N

Nunchakulee

New Member
#11
Hello i have been wondering if there is any way to police and filter out unappropriate media and things that are not for children such as pornography in a bit torrent client? Even though my internet filter catches the categories and keywords for everything on the internet it doesn't catch the selected categories for torrent downloads. Any help would be appreciated.
 
Bink

Bink

Will moderate for food
#12
I recommend setting up an account with OpenDNS. The free option will be more than ample.

Once you've done that, you can then point your DNS settings to the OpenDNS service. Going to the OpenDNS website and logging in allows you to set up your routers public IP address with their service, so that anything coming from that IP address can have specified filters applied to it. You can then modify a list of categories which are to be filtered (blocked).

The way this works is, any time one of your computers accesses something on the internet, it'll usually begin accessing it using a host name, eg: "google.com". A host name isn't enough though, to actually connect to a server, that host name needs to be resolved (converted) to a valid IP address. Your ISP's DNS servers would usually do this. However, if you set your DNS settings to point to OpenDNS, when accessing certain "filtered" sites that you've chosen, OpenDNS will not resolve the host name to the correct IP, instead it will redirect the user to a "blocked" page.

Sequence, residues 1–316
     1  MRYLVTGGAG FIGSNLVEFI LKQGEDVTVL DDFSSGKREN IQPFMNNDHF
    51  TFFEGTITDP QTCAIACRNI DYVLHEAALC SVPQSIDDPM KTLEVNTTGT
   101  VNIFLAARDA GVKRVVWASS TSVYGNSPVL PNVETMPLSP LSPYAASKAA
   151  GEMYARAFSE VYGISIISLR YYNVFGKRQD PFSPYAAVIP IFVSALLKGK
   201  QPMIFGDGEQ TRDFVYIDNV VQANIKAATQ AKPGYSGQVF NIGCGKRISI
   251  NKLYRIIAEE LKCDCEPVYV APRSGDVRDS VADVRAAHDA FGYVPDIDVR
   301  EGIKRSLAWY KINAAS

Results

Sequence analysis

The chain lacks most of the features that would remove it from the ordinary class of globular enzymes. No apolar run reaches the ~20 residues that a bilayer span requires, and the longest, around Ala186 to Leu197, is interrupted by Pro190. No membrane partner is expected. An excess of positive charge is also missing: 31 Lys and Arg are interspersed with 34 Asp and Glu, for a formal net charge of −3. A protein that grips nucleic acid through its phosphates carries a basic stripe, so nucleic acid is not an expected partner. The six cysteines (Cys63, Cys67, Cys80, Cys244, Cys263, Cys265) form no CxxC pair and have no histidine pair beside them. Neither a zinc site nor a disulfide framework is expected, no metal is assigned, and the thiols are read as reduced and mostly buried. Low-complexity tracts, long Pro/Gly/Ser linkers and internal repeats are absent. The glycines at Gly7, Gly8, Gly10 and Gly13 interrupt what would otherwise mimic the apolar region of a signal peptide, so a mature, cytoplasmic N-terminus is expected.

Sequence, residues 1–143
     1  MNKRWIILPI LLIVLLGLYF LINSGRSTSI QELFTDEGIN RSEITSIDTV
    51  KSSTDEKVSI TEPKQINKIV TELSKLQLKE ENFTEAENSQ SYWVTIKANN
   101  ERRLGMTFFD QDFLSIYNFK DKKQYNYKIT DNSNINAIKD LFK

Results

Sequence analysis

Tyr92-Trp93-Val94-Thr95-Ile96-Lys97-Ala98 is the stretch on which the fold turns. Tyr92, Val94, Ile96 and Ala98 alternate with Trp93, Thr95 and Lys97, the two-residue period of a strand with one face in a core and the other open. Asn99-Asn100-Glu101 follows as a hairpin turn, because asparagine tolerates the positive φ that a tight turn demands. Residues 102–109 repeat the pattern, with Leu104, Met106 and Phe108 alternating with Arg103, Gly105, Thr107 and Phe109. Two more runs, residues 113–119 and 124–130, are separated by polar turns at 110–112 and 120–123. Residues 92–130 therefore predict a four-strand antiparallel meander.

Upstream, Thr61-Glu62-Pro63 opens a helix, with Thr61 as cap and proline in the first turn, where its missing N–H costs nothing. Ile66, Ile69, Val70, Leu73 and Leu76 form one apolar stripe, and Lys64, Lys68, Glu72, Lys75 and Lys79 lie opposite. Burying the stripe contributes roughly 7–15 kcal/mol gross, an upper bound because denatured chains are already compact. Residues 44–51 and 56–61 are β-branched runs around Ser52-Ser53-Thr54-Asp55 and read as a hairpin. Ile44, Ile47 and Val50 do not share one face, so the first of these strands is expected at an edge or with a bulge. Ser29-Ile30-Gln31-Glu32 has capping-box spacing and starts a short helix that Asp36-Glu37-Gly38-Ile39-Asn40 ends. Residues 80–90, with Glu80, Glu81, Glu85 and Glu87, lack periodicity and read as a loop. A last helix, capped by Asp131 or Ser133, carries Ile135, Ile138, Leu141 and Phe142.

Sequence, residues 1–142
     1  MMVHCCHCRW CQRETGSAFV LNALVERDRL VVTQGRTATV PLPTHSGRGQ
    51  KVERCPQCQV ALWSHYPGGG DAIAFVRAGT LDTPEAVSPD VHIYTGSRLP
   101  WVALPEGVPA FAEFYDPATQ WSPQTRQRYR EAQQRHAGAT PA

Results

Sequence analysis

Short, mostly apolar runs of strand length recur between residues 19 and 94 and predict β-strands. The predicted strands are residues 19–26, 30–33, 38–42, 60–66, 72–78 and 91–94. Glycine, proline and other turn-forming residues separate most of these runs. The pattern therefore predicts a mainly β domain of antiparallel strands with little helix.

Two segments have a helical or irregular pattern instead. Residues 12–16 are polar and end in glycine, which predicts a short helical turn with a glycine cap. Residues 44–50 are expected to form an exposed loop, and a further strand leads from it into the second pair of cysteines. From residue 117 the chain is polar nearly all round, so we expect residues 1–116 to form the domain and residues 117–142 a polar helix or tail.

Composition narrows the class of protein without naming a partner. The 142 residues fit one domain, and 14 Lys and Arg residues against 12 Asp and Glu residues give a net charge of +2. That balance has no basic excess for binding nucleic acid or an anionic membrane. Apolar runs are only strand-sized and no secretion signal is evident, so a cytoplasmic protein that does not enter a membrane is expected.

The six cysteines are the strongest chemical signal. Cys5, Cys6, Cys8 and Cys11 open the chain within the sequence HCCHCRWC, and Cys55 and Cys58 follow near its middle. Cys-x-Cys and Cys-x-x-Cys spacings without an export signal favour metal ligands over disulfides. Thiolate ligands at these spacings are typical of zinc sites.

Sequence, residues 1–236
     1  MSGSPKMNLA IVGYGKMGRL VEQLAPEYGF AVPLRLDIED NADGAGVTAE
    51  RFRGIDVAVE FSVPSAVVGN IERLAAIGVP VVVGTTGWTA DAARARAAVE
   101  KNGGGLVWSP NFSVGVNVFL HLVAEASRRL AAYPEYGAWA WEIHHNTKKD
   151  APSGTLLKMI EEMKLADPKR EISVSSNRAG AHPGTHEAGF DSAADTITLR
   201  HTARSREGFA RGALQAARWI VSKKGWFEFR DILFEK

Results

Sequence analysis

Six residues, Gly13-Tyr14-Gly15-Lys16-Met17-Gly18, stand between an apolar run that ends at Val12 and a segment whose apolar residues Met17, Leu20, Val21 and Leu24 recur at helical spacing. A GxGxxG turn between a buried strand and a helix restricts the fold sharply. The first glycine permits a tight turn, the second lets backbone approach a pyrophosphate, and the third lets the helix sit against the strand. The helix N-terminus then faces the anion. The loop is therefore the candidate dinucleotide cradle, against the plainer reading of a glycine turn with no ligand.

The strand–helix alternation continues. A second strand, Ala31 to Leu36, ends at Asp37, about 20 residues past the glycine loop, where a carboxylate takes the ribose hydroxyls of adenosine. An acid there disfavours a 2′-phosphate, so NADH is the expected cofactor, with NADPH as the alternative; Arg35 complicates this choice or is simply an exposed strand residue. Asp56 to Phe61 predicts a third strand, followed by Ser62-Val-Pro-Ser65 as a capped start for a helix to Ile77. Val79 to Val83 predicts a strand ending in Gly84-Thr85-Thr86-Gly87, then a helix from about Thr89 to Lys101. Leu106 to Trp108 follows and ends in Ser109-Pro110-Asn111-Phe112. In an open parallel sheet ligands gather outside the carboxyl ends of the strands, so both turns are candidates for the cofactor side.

In this way, certain content is blocked.

Some things to note:
  • The system isn't fool proof. If a website is initially accessed using it's IP address, this will bypass the OpenDNS filtering. For example, you could access Google using this address instead of the regular host name: http://74.125.43.99
  • In an ideal world, you would use this in conjunction with router settings. Some routers (such as Billion) have options for preventing browsing via IP (so DNS must be used) and native blocking for common file sharing protocols.
  • To obtain an IP address for any given domain is quite easy. There are many websites that provide such services, such as Kloth.net
  • This is most effectively set up by changing the DNS settings on the router, but it can also be done by changing these settings on the computer. If your daughter has admin access to her computer however, she could easily change the settings there again.
  • Depending on your internet connection, you may have a dynamic IP, not the ideal static IP. If this is the case, your modem may have an OpenDNS updater function built-in, otherwise, 3rd party software may be needed to update your OpenDNS settings automatically when your IP address changes.
  • Even if you don't activate filtering on the OpenDNS service, it's a very reliable and fast service, which provides basic security against phishing (malicious websites pretending to be legitimate websites).